‍‍‍Methodology for Observing Development‍‍‍
Vygotsky's sociocultural theory does not outline specific stages in development. However, he did approach methodological issues in theory development on two levels - the theoretical and the developmental (see below article for a more in-depth discussion of this concept).

On a theoretical level, Vygotsky looked at complex change processes using ‍‍‍‍dialectical logic based on the notion of dialectical processes to grasp the relationships between systems. This dialectical logic‍‍‍‍ looked at cognitive processes as being in a constant state of change or development. This was contrary to prior scientific thought viewing phenomena in the mind as fixed and unchanging. At a psychological level, he chose specific research methods in attempts to understand the processes involved with his approach.
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‍‍‍‍Vygotsky believed that methods must capture the dynamic nature of development and social interaction, and thus favored a dynamic assessment of children's potential developmental levels. Based on the conviction that what children can do with assistance is the best reflection of their intellectual ability, a dynamic assessment directly measures children's readiness/potential for learning rather than the products of previous learning. Vygotsky's overarching method of studying development is defined as the microgenetic method‍‍‍‍,in which the researcher studies the process of problem-solving during one or several experimental sessions and tries to capture a "developmental moment." Vygotsky applied this method to children of various ages. Some examples of this method include:
          • Providing an increasingly specific series of clues and determining how many are needed for a child to solve the problem
          • Setting up obstacles that disrupt routine procedures of problem-solving and observing the child's attempts to cope with this change.
          • The double-stimulation method. Providing various materials/tools that could be used for problem solving and observing how children of different ages select from, and use these objects. The term "double-stimulation" refers to the presence of two types of stimulus sources: symbolic (e.g., a word) and nonsymbolic (e.g., a colored block). Older children are more likely than younger children to use symbolic as well as non-symbolic stimulus sources to solve a problem. By observing children's choice of objects, actions on those objects, and remarks while thinking about the problem, the experimenter can infer the small cognitive advances emerging during the session.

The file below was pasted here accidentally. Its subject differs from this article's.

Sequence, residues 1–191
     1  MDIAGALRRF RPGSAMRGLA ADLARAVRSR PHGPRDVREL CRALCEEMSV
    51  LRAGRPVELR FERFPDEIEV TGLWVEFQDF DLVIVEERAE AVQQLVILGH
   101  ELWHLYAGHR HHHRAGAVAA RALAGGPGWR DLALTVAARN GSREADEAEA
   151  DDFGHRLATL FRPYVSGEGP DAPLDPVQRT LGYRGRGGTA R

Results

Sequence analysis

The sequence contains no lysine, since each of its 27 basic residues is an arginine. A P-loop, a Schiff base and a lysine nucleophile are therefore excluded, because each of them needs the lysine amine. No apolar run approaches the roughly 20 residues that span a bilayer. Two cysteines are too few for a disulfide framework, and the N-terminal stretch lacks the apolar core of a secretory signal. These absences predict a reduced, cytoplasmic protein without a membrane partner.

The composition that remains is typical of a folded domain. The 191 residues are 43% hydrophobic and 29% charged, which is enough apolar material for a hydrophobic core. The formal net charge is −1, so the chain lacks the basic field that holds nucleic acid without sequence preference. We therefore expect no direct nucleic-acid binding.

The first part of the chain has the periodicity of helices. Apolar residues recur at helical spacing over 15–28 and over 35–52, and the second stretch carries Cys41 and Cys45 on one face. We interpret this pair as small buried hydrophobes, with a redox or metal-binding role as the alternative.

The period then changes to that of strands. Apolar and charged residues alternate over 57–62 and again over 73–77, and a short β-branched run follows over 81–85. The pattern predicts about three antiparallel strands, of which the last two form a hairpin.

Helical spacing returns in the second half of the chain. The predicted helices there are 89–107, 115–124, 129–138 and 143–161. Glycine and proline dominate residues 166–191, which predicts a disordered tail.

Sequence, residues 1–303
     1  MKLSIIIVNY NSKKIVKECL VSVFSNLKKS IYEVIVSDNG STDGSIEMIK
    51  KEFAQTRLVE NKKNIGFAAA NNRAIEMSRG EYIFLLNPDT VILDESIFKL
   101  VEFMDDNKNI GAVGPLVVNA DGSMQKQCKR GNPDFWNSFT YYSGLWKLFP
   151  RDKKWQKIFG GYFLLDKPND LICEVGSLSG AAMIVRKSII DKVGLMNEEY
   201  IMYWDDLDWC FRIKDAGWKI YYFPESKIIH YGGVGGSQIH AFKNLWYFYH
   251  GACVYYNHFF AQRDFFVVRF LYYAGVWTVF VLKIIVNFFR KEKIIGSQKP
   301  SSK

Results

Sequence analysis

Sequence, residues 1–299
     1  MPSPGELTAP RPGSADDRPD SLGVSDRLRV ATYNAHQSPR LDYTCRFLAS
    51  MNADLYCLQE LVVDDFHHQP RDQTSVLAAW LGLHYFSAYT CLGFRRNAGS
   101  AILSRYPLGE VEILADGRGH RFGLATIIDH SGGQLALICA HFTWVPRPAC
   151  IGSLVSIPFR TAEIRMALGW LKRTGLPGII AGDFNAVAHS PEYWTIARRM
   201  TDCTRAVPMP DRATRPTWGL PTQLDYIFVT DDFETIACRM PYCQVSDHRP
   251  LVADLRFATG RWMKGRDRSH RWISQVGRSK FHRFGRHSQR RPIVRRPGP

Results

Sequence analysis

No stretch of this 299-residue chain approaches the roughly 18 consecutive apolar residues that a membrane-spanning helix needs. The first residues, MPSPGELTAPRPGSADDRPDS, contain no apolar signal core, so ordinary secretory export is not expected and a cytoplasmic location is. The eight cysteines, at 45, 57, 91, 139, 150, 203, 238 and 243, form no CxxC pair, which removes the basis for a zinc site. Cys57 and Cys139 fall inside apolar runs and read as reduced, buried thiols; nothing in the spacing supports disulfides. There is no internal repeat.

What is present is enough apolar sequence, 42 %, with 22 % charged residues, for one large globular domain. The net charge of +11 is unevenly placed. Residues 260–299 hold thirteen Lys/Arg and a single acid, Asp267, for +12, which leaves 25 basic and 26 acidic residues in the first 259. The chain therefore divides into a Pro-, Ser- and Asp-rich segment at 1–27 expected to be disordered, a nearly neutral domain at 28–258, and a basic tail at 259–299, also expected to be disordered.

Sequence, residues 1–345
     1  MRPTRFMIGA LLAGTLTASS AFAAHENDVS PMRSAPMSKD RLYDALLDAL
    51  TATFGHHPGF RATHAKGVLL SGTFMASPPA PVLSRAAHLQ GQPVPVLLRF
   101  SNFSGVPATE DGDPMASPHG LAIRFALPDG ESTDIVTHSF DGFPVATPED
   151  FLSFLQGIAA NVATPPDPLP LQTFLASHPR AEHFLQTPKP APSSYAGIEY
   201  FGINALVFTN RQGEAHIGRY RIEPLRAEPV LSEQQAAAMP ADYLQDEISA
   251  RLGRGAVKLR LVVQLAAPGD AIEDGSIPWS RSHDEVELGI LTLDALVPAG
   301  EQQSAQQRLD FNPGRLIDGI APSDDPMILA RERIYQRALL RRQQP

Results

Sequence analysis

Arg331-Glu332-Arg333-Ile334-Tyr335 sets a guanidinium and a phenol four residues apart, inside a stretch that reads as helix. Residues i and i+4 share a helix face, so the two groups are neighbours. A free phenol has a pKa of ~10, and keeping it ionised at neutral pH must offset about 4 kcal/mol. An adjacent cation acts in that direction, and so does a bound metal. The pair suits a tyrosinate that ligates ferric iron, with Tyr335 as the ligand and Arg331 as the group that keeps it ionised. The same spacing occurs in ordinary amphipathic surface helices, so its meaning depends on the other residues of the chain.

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‍‍‍Vygotsky's Blocks.‍‍‍ To examine development using the double-stimulation method, Vygotsky designed a set of 22 wooden blocks of different colors, shapes, heights, and sizes, with no two blocks being identical. One of four nonsense words appears on the bottom of each block, according to their height and size. Thus, all short, large blocks have one word on the bottom, and all short, small ones have a different word. The same is true for the tall, large blocks and the tall, small ones. The experimenter turns over one block to expose its word, then asks the child to select all the blocks he/she thinks have the same word. The experimenter then turns over one of the child's selected blocks that is incorrect, and asks the child to try again. The sequence is repeated until the child discovers what block characteristics define the word. Not only the child's initial selection, but also his/her responses to correction and efficiency in finding a solution indicate his/her cognitive level. For an extensive video demonstration of this method, click here. From these exercises, Vygotsky defined 3 stages of conceptual development, but did not define specific ages by which children would necessarily be expected to achieve each stage:
  • Stage 1: Unorganized Categories(e.g., a random heap).
  • Stage 2: Complexes- Each block is similar in some concrete way to the block next to it, but no single abstract characteristic unites all blocks
  • Stage 3: Concepts - Correct sorting on the basis of height and size, possible because the child can use the nonsense word to abstract out dimensions and detect similarities along these dimensions among the blocks.

‍‍‍Modified Demonstration of Vygotsky's Blocks‍‍‍

Current Vygotskian researchers look at cognitive change through both experimental and qualitative methods to narrow down the developmental processes. Theorists analyze individual and social processes as interconnected components of neuropsychological, psychological, educational, political, and cultural systems (John-Steiner & Mahn, 1996).